BOONE, N.C. — Appalachian State University’s Dr. William Armstrong has received more than a quarter million in funding from the National Science Foundation (NSF) to complete a three-year research project titled “A Half Century of Changing Glacier Dynamics at Athabasca Glacier.”
“As glaciers and ice sheets decay in a warming climate, water previously stored as land ice is transferred to other reservoirs, affecting downstream habitat quality and the rate of sea level rise. Accurate prediction of glacier change requires a complete understanding of the controls on glacier motion,” said Armstrong, who is a visiting assistant professor in Appalachian’s Department of Geological and Environmental Sciences.
He said the project will take Appalachian undergraduates and faculty to the Athabasca Glacier in Jasper National Park to leverage a long-term dataset that investigates how the basal motion of the Athabasca Glacier has evolved over the past half century. The glacier has thinned by 20 percent and retreated by half a kilometer over the past half century, he added.
For the project, Armstrong is collaborating with Dr. Martin Truffer, professor in the Geophysical Institute at the University of Alaska Fairbanks, as well as junior geology major Hannah Field, of Pisgah Forest, and Anthony Hengst, a senior geology and mathematics double major from Palm Harbor, Florida.
The team’s work focuses on the process of glacier basal motion, which is water-mediated sliding at the bottom of a glacier, where ice meets rock.
“This process is important,” Armstrong said, “because it allows rapid changes in glacier speed and is the means by which glaciers erode their beds, making it a critical process for understanding how dramatic landscapes like Yosemite National Park were formed.”
“Currently, many studies of glacier change extrapolate short-term behavior of basal motion far into the future to predict how these ice masses will evolve. However, we know the dynamics of glacier basal motion can change over decadal timescales, casting doubt upon the accuracy of such predictions,” he explained.
The team’s research, according to Armstrong, will combine detailed field study with satellite remote sensing and computer modeling to further the team’s knowledge of glacier processes, allowing for a more accurate prediction of future glacier change and a deeper understanding of past landscape evolution.
About the Department of Geological and Environmental Sciences
Located in Western North Carolina, Appalachian State University provides the perfect setting to study geological and environmental sciences. The Department of Geological and Environmental Sciences provides students with a solid foundation on which to prepare for graduate school or build successful careers as scientists, consultants and secondary education teachers. The department offers six degree options in geology and two degree options in environmental science. Learn more at https://earth.appstate.edu.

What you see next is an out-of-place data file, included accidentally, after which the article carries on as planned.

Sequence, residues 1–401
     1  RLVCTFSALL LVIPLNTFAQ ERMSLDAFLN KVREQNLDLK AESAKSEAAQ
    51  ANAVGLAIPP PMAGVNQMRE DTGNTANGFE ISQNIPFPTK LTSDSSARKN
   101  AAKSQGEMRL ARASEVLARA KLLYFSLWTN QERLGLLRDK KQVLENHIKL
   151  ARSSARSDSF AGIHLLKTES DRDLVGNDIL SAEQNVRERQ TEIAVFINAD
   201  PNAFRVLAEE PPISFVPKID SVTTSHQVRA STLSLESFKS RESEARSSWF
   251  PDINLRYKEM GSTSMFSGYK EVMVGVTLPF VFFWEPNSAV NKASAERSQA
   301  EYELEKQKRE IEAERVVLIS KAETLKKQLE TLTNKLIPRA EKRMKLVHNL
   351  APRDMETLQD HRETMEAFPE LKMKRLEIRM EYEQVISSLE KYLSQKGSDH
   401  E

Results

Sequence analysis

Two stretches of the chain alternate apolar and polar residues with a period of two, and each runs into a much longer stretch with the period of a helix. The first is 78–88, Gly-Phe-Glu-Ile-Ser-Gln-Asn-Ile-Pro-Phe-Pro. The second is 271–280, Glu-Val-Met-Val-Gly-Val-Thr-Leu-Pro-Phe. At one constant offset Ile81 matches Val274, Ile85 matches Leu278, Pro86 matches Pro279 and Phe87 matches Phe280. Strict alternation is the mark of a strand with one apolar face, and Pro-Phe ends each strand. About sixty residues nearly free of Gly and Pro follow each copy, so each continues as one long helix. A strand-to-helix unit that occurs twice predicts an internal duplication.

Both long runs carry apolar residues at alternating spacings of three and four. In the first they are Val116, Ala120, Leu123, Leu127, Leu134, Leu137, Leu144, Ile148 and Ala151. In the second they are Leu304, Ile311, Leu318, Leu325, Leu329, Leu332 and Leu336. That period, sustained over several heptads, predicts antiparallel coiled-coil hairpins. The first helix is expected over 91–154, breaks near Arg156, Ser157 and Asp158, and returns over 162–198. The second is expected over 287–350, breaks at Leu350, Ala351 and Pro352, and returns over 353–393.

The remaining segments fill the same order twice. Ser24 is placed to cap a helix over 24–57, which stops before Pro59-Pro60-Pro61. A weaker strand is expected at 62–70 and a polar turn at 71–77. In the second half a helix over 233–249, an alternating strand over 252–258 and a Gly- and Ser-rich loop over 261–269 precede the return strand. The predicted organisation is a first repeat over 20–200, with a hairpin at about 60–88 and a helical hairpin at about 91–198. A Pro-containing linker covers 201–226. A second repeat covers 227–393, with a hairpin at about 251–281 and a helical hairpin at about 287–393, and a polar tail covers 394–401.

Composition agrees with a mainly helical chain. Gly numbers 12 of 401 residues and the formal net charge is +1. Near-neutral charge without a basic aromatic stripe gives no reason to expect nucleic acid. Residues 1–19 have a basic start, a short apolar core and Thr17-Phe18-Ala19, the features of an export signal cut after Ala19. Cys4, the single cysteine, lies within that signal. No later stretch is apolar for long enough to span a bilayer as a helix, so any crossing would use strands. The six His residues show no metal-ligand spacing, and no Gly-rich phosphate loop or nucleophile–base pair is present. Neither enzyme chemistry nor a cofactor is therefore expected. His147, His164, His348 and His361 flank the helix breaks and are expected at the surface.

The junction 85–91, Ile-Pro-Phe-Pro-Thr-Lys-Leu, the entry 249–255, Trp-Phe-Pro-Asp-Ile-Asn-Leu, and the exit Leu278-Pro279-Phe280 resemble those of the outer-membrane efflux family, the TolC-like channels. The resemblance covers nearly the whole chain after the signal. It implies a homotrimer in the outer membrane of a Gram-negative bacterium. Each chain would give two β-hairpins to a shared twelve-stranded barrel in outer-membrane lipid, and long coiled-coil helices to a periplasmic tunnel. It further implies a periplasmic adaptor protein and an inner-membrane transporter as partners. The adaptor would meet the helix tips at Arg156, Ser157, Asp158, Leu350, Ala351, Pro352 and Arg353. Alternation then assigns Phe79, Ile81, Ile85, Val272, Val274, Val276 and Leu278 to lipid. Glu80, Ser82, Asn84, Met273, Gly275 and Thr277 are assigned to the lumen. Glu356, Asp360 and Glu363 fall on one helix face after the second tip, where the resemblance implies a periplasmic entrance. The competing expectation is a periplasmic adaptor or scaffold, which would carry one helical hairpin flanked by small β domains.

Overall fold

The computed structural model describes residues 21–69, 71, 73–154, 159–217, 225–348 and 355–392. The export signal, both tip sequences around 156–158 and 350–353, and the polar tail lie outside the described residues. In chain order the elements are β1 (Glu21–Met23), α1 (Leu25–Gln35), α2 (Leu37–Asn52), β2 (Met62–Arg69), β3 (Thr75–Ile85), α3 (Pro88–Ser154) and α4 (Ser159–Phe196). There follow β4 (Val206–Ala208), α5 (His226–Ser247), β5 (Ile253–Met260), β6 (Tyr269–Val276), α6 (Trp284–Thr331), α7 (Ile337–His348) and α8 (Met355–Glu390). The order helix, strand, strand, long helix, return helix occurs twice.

About the College of Arts and Sciences
The College of Arts and Sciences is home to 16 academic departments, one stand-alone academic program, two centers and one residential college. These units span the humanities and the social, mathematical and natural sciences. The College of Arts and Sciences aims to develop a distinctive identity built upon our university's strengths, traditions and unique location. The college’s values lie not only in service to the university and local community, but through inspiring, training, educating and sustaining the development of its students as global citizens. There are approximately 6,100 student majors in the college. As the college is also largely responsible for implementing Appalachian's general education curriculum, it is heavily involved in the education of all students at the university, including those pursuing majors in other colleges. Learn more at https://cas.appstate.edu.
About Appalachian State University
Appalachian State University, in North Carolina’s Blue Ridge Mountains, prepares students to lead purposeful lives as global citizens who understand and engage their responsibilities in creating a sustainable future for all. The transformational Appalachian experience promotes a spirit of inclusion that brings people together in inspiring ways to acquire and create knowledge, to grow holistically, to act with passion and determination, and embrace diversity and difference. As one of 17 campuses in the University of North Carolina System, Appalachian enrolls more than 19,000 students, has a low student-to-faculty ratio and offers more than 150 undergraduate and graduate majors.